A quick perusal of the wikipedia page for $\pi$ yields a large collection of known series for $\pi$. In particular, these series are hypergeometric in nature, and have large (but finite) radius of convergence.

My first question is, what is the best known series for $\pi$? Namely, a series of the form above with the largest radius of convergence.

My second question is one asked by Herbert Wilf (http://www.math.upenn.edu/~wilf/website/UnsolvedProblems.pdf), which is to ask whether there exists a sequence $(a_n)$ with $a_{n+1}/a_n$ a rational functional of $n$ for all $n$, and the function $f(z) = \displaystyle \sum_{n=0}^\infty a_n z^n$ is an entire function, and $f(1) = \pi$. Presumably, such a function is not known to exist yet. Can anyone give any recent works that advances our understanding on this problem, or give some insight as to why such a function is so difficult to find?


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    $\begingroup$ I'm not sure I get your question. Why look at the radius of convergence? $\endgroup$ Feb 22, 2011 at 22:00
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    $\begingroup$ @Thierry: a large ROC means that $a_n\to0$ rapidly, so that the partial sums are good approximations. A more fundamental phrasing of the question would be to ask for the function $\alpha(n)$ that can be computed with the fewest flops (asymptotically) and which satisfies $|\pi-\alpha(n)|<1/n$. $\endgroup$ Feb 22, 2011 at 22:11
  • $\begingroup$ But if $\sum a_nz^n$ has radius of convergence $r$, then $\sum b_nz^n$, where $b_n=a_n/2^n$, has radius of convergence $2r$, and doesn't do a better job of getting $\pi$. Are we assuming that $\pi$ is necessarily $f(1)$? $\endgroup$ Feb 22, 2011 at 22:15
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    $\begingroup$ Depends what you mean by best? If you want to find a specific digit, then something like the BBP formula should suit your needs. Otherwise the Chudnovsky modification of Ramanujan's formula is very fast. $\endgroup$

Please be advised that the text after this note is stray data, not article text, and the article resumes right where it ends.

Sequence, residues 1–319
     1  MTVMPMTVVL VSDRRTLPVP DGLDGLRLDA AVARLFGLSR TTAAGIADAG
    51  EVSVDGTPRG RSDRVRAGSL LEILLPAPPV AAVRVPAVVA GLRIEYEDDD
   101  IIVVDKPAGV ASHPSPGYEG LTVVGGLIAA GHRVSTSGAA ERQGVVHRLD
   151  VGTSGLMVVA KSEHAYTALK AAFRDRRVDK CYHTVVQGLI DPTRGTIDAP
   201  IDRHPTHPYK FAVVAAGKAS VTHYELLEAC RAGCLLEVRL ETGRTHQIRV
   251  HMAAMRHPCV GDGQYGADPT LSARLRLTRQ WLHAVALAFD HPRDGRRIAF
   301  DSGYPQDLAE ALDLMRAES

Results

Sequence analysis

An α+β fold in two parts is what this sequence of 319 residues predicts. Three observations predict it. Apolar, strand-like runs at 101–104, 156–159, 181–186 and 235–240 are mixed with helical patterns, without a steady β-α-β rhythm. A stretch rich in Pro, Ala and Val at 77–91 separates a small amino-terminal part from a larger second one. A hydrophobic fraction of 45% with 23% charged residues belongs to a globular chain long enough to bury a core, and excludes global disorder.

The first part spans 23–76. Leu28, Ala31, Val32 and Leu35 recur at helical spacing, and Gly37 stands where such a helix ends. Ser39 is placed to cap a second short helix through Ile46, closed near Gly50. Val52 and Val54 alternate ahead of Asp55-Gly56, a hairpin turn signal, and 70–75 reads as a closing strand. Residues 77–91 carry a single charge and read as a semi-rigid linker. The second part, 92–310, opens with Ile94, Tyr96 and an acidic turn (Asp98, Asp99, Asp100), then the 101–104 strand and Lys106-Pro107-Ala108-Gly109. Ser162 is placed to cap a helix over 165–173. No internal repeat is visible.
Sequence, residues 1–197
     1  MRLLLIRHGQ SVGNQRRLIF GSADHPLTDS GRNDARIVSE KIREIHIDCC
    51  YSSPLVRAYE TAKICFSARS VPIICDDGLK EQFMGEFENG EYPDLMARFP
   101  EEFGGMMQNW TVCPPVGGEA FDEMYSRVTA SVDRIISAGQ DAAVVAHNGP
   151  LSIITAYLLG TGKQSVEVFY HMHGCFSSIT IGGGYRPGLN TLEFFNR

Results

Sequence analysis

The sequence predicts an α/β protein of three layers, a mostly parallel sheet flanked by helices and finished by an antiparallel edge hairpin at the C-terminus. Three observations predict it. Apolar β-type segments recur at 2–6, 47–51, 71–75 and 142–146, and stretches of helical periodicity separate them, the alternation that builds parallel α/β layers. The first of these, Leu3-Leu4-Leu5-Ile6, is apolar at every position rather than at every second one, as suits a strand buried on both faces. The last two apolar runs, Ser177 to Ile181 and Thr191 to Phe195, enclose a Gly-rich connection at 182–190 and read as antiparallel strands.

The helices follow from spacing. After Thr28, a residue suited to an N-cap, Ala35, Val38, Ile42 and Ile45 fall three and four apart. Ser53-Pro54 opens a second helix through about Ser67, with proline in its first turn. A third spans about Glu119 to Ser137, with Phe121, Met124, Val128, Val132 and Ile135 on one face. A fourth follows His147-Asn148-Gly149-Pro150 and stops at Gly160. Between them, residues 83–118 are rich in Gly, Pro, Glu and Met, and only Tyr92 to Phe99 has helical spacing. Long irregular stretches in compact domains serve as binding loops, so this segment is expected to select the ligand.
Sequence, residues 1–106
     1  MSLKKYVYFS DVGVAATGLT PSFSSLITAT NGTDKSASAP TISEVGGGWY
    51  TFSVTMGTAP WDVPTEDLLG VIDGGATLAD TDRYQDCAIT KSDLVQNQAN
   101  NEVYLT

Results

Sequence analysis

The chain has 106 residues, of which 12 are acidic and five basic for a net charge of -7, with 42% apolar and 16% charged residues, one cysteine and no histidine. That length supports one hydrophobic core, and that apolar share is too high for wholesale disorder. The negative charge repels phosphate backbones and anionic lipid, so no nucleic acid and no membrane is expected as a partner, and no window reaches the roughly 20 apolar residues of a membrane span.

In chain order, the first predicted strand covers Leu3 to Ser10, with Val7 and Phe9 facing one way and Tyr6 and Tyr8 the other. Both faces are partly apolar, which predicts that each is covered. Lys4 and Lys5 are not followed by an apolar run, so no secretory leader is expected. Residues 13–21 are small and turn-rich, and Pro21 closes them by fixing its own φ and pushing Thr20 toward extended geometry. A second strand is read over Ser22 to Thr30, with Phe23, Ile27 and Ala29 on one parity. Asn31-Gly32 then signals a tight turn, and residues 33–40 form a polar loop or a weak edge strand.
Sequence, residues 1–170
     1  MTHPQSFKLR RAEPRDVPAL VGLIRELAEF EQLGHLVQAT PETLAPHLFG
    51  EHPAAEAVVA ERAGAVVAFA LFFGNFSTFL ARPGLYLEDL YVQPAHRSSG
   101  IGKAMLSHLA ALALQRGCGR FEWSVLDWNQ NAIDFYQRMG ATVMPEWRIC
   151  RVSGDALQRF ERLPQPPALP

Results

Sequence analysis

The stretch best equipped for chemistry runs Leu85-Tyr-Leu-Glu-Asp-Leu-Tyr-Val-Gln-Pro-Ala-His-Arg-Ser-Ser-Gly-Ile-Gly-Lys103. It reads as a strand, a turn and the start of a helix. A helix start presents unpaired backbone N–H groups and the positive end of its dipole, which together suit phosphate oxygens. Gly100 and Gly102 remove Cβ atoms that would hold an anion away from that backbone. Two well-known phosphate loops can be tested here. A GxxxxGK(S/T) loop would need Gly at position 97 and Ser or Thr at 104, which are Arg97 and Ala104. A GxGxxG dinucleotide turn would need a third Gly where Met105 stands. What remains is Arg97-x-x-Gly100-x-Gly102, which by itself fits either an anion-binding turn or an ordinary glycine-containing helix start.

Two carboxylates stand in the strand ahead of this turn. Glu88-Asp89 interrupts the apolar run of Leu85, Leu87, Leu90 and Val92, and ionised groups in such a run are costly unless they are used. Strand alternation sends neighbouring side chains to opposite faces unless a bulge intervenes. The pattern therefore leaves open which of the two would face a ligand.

– Alex R.
    Feb 22, 2011 at 22:30
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    $\begingroup$ The question should be rephrased. Instead of "My first question is, what is the best known series for $\pi$? Namely, a series of the form above with the largest radius of convergence", I suggest: "Among all power series $f(x)=\sum_{n=0}^\infty a_n x^n$ with $f(1)=\pi$, and with the extra property that $a_{n+1}/a_n$ is a rational expression of $n$, which one has the largest radius of convergence?" $\endgroup$ Feb 22, 2011 at 23:19

3 Answers 3


I like Andre Henriques' rephrasing. The Borwein, Bailey, Plouffe series, with $$a_n={1\over16^n}\left({4\over8n+1}-{2\over8n+4}-{1\over8n+5}-{1\over8n+6}\right)$$ would have radius of convergence $r=16$. Bellard gives a more complicated one with $r=1024$. Pschill has one with 21 terms and $r=2^{30}$. If you'll accept $f(1)=1/\pi$, D and G Chudnovsky give $$a_n={12\over\sqrt{640320^3}}(-1)^n{(6n)!\over(n!)^3(3n)!}{13591409+54514013n\over(640320^3)^n}$$ All of these are taken from Chapter 16 of Arndt and Haenel, $\pi$ Unleashed, which gives full bibliographic citations.

EDIT: See also http://mathworld.wolfram.com/PiFormulas.html in particular formulas 93-96 where each term gives another 50 digits of $1/\pi$ (which I guess corresponds to $r$ roughly $10^{50}$). Somehow, the series for $1/\pi$ seem to do better than those for $\pi$. I know there are people who would like us to abandon $\pi$ in favor of $2\pi$, but maybe we should really be expressing things in terms of $1/(2\pi)$.


In Almkvist-Krattenthaler-Petersson:"Some new formulas for Pi" arXiv 2003?, Exp. Math 12(2003) 441-456 it is shown that there exist formulas for Pi where each term gives N new digits for any given N. Gert Almkvist

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    $\begingroup$ @Gert, welcome to MO! $\endgroup$ Apr 2, 2011 at 22:45

Paper https://arxiv.org/abs/1706.08835 describes and shows how we can get any N correct digits of pi just per term increment. This Machin-like formula for pi is rapid in convergence and without irrational numbers.

  • $\begingroup$ I couldn't find that result in the paper, but anyway such a result was already published in 2003, according to the answer posted by Gert Almkvist earlier on this question. $\endgroup$ Sep 25, 2017 at 8:07
  • $\begingroup$ @ Gerry Myerson. Let me clarify. At different k in the eq. (24) we can get different number N of corrects digits of pi. This tendency is shown in Fig. 1. Therefore at larger k the eq. (24) becomes a rapid series for pi (N correct digits of pi per term increases with increasing k, see also Mathematica code in the paper as an example). $\endgroup$ Sep 25, 2017 at 13:56

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